Through the exploration of my first annotated bibliography I am looking at various marginalized bodies that each pose very different struggles. However, through a closer understanding of each, these differing marginalized bodies are positioned in such a way that all produce/work/struggle/empower/etc. through a similar/same entangled web.
Belonging, Bridges, and Bodies
Malhotra, Sheena and Kimberlee Perez. "Belonging, Bridges, and Bodies." NWSA
Journal 17.2 (2005): 47-68. JSTOR. Web. 27 Sept 2011.
This article looks at access through/around/to/and within feminist academic spaces and the bridging/bridgework that takes place. The authors arrange interviews and critique the lives of three pairs of women in various academic spaces and how bridgework has found its [lack of] place within their relationships through workings of power, community, and consciousness. Then, through these various analyses, the authors introduce what they see as empowering and transgressive bridgework by means/use of intentionality and self-reflexivity.
Navigating Public Spaces: Gender, Race, and Body Privilege in Everyday Life
Kwan, S.. "Navigating Public Spaces: Gender, Race, and Body Privilege in Everyday Life. " Feminist Formations 22.2 (2010): 144-166. GenderWatch (GW), ProQuest. Web. 5 Oct. 2011.
This article uses Peggy McIntosh's theorizing of white privilege to discuss body privilege and the oppression it embodies. Again, interviews, of 42 women and men who are deemed as "overweight", are conducted to show how body privilege is conducted through race and gender. Body privilege is further pushed/complicated/understood to discuss issues of body consciousness and management. Kwan explains like white privilege, body privilege is, "...constructed through, among others, economic, social, cultural, and medical lenses...[and]...specifically...how fat intersects with other signifiers, such as gender and race, to influence everyday interactions, thereby acknowledging how networks of power work in complex, multiple, and seemingly innocuous ways-namely through interactions and self-surveillance" (3).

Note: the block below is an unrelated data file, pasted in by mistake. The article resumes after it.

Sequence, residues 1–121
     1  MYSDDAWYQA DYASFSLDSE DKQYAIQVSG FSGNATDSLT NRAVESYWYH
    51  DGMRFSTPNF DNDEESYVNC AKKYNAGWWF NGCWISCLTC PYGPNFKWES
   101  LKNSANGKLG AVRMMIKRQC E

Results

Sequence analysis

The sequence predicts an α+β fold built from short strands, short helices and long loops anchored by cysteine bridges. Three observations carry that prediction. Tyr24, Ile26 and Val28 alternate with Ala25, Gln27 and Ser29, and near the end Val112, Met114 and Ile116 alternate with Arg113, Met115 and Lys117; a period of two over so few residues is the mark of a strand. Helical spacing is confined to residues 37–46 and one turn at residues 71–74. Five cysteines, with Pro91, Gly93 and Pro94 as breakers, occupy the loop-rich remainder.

I found this article through GenderWatch by searching under "bodies and material experiences".
I am looking specifically at the introduction from Demonic Grounds, Geographic Stories. McKittrick discusses the ways in which black women's bodies have been rendered un-geographic by a "lack" of a distinguishable, written history and through displacement, famine, imperialism, and loss of security. Although these histories cannot always be traced via a mapped, written, detailed history, memories/histories can be told through bodymemory. She says, "Bodymemory is passed down and reinterpreted through generational remembrances, teachings, forewarnings, and advice...Bodymemory is corporeal continuity, which moves through time and recognizes where 'permanent' racial-sexual time-spaces appear in dominant texts " (49).
I had read Katherine McKittrick for Black Feminist Geographies in the Spring of 2011. McKittrick's theory of bodymemory really resonated with me, which is why I chose to look at her work again. I am curious to look at how her theory of bodymemory can/does play out on/though the bodies of other marginalized groups